Mark 9:24

[Note: I just noted that this posting is marked as having missed its scheduled posting last January 2nd. Apparently, Jan 1st was too wild. Too bad there are no memories of it (though, given the prevalence of false memories in current national leadership it may be just as well). In theory its posting 8 months late will be just the right time for someone to read it. ~Wesley]

The boy’s father immediately cried out, “I have faith; help my want of faith!”

as per usual
it’s all about me

a bargained for affirmation
has questionable efficacy

where does taking faith upon ourself
fit with borrowing faith from another

a key element in a new good news
is the sharing of faith

to trust where another doesn’t
is prelude to direct action

disrupting our usual establishment
hierarchies claiming power

with no intersectional partnered trust
division after division brings nothing

In the first part of Mark, miracles of healing take place, BANG, now. We are now looking at slower healing with a process involving and almost requiring special faith and prayer.

In light of the context of healing, we might be aided by a translation into Marathi that would mean, “cast out my unbelief”, (Bratcher288).

Galston147 is evocative of appreciative unbelief:

The existence of God… requires belief because God is absent. What about people…who say they experience God? This makes the point: we experience God in the yearning for God, which is the presence of the absence of God clinging to our hearts. In such conditions I must say “I believe, help my unbelief (Mark 9:24). My act of believing is against unbelief, against the consequence of the absence of God. So, believing is willfully taking a leap over the abyss of absence without knowing where one might land. Such is religion: it exists because God does not exist; it is the willfulness of being human. It is the act of leaping across unbelief. Like Søren Kierkegaard (1813–1855), the great founder of Existentialism, said, belief is the condition of uncertainty. Belief is about lying “constantly out upon the deep and with seventy thousand fathoms of water” underneath. Such oceanic depth is Kierkegaard’s metaphor for bottomlessness, for emptiness. God is not about certainty, and religion is not about God’s existence. Religion is about creating God while it awaits God. Religion is the “almost” of God; that is, religion is the record of beliefs that arise while waiting for the arrival of nothing. Religion is the trace of a God, culturally conditioned, who almost is.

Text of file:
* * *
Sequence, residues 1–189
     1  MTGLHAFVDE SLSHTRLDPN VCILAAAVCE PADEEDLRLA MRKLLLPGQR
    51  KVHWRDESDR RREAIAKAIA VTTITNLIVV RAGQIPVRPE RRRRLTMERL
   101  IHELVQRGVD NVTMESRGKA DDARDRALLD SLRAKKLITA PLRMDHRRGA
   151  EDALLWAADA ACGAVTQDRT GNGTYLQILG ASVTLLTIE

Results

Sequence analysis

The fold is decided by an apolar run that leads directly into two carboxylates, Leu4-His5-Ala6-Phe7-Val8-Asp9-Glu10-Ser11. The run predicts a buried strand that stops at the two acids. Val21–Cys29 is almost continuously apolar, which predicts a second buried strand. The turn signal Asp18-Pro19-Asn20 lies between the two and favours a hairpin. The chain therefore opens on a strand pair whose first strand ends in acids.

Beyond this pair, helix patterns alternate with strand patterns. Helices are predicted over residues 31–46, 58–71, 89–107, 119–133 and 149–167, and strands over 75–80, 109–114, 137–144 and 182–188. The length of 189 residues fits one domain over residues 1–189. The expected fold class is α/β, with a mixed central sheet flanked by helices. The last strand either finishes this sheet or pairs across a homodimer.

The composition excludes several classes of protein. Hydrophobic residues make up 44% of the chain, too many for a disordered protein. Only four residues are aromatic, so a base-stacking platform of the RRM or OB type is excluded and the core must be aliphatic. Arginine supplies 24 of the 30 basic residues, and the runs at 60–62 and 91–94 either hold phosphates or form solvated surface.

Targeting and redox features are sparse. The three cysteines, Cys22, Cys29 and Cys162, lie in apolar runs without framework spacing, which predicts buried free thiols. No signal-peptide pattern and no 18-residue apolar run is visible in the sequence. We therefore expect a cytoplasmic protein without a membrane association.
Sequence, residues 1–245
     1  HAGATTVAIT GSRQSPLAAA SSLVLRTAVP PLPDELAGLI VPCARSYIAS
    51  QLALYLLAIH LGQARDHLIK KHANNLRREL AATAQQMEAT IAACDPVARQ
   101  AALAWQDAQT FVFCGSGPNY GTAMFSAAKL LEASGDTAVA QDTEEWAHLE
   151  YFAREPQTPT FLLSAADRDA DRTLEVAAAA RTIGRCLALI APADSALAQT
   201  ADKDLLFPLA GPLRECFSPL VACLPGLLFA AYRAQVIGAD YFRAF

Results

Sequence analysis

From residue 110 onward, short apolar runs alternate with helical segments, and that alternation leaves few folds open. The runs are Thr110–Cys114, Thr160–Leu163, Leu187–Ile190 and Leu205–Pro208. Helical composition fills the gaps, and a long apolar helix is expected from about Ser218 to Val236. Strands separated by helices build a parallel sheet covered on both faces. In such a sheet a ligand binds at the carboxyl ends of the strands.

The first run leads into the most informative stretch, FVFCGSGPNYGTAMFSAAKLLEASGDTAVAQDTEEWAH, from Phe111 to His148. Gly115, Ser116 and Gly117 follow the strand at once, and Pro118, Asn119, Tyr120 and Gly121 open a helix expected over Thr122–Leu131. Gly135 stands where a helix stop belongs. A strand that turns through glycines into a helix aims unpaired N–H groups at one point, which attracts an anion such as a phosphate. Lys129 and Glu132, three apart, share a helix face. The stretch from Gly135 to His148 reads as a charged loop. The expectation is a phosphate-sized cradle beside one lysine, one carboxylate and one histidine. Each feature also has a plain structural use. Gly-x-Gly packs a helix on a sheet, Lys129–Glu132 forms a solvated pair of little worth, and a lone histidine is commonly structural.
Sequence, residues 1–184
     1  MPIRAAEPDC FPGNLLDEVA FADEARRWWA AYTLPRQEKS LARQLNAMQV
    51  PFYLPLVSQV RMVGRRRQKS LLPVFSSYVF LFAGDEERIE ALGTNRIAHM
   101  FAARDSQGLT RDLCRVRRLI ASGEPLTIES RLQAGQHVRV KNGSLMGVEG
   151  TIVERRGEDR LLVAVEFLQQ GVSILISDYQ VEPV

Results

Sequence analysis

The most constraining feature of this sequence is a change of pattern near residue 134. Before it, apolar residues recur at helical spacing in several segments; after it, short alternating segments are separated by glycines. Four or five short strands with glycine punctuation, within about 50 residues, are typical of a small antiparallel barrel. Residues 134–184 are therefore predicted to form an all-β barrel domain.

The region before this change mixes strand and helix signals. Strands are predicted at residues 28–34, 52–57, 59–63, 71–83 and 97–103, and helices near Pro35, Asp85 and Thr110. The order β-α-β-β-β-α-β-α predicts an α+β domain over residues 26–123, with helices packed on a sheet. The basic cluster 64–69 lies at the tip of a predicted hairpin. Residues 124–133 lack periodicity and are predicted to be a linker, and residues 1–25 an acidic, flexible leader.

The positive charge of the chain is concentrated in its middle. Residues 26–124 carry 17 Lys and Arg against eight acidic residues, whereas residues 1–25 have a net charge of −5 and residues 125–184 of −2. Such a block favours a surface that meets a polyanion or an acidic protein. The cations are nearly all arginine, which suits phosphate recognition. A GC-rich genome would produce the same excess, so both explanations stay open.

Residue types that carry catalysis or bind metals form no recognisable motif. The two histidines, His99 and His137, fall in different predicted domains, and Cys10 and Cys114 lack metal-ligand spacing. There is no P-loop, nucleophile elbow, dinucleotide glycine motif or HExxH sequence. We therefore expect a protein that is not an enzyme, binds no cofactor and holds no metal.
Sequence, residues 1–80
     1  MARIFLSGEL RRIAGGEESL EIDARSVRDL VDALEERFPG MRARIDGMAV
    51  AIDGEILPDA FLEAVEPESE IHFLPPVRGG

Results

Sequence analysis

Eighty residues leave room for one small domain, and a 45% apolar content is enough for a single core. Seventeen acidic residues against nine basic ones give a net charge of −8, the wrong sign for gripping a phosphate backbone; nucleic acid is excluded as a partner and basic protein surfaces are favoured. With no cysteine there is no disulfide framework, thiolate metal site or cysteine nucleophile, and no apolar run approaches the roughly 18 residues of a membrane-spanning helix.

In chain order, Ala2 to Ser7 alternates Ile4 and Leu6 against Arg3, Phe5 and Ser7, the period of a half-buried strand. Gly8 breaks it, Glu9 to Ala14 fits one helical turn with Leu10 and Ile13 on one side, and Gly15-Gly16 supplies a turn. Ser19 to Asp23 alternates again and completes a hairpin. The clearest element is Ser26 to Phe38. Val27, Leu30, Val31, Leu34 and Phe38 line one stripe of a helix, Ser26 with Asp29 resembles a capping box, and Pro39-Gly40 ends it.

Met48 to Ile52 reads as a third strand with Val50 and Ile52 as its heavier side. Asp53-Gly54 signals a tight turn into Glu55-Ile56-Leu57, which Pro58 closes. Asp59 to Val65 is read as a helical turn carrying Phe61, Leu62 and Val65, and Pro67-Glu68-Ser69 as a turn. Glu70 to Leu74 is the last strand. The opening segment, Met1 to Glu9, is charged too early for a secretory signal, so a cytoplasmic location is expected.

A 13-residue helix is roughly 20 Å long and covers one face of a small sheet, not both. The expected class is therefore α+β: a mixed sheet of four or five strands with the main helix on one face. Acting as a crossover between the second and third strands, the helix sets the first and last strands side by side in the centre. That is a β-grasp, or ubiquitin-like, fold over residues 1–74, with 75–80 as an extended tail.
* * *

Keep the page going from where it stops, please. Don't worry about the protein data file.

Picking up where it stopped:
Today “wisdom in religion involves the act of creating value out of nothing”; consumerism and technology substitute for G*D.

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